A recent survey for the Food Standards Agency showed 59% of raw chicken bought at supermarkets contained the potentially deadly bacteria Campylobacter, with 16% being heavily contaminated. This demonstrates, yet again, that the light touch regulation favoured by the UK and Scottish government's is not protecting the consumer.
Campylobacter is the most common form of food poisoning in the UK, affecting more than a quarter of a million people every year. It causes stomach upsets, vomiting and diarrhoea and is responsible for more than 100 deaths a year, costing the economy £900m.
Stephen Jardine highlights the regulatory failure in his Scotsman article, "After a decade of trying to get the poultry industry to clean up its act, the Food Standards Agency had promised to name and shame the worst offenders in the first quarter of its year-long survey. However, pressure from the industry has led the FSA to back down". He concludes "Action will only come when culprits are named and shamed, forcing them to act tough with suppliers to protect their market share. Then, and only then, will things really start to change."
Even that bastion of the free market, The Daily Mail, was outraged, "The survey results are a damning indictment of supermarkets, farmers and processors who are putting customers at risk every day of the week"
Food safety experts have highlighted the close links between the industry and regulators. Erik Millstone, professor of science policy at the University of Sussex said, "The FSA has failed to keep its promise to the British public. This means that consumers can no longer trust the FSA to put the interest of consumers ahead of those of the food industry."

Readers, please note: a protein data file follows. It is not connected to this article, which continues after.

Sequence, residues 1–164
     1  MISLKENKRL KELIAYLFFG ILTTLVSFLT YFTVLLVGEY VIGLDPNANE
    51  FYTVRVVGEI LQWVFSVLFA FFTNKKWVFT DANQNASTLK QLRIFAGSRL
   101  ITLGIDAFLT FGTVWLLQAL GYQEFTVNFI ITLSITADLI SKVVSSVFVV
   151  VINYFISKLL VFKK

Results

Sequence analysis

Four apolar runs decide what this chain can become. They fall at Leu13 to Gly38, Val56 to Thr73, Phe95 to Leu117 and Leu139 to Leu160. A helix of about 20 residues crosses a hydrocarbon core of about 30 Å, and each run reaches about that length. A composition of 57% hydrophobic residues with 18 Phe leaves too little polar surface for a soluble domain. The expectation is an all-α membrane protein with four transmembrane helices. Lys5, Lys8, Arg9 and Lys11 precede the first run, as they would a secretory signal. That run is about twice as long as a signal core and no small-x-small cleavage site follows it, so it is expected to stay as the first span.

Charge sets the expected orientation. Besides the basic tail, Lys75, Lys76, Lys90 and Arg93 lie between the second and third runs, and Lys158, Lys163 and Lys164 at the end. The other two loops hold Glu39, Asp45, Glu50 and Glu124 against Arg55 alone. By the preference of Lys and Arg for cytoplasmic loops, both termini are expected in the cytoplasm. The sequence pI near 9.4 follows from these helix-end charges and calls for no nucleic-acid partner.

Tim Lang, professor of food policy at City University, said the FSA had been ‘captured’ by industry interests. "This is a sad day for British food policy. A quarter of a century after the British learned of the extent of contamination of poultry, we are back again with unacceptable levels of food-borne pathogens. Then, it was salmonella. Now, it’s campylobacter."
In June this year, I gave evidence to the Scottish Parliament's Health Committee on the Food (Scotland) Bill that will create Food Standards Scotland. I highlighted the work of Scottish meat inspectors in preventing over a million instances of diseased animal carcasses from entering the food chain. The FoI data we released included 100,000 chicken tumours. I said, "This shows what a vital job meat inspectors do. We are calling on the Scottish Government to ensure that Food Standards Scotland is focussed on safety of consumers not food industry profits. Meat inspectors and vets must be able to carry out thorough independent inspections, free from food industry influence."
Meat inspectors and environmental health staff have been warning of the implications of deregulation and cuts in food safety for years. To add to the demoralisation caused by unheeded warnings, meat inspectors are now suffering real term cuts to their pay. They are not even getting the miserly government pay policy. Meat inspectors, official veterinarians and support staff employed by the Food Standards Agency have therefore voted for industrial action. That action will have a serious impact on food output.
The food industry hasn't done enough to clean up its act and deregulation has simply encouraged them to put profits before consumer safety. The FSA has been complicit in this process, being far too close to the industry. The Scottish Government has an opportunity through the establishment of Food Standards Scotland to take a new approach. Early signs are not good with the Scottish Parliament passing regulations that allow visual only inspection of pigs.
Hopefully, this latest survey will cause ministers to think again and put the consumer first.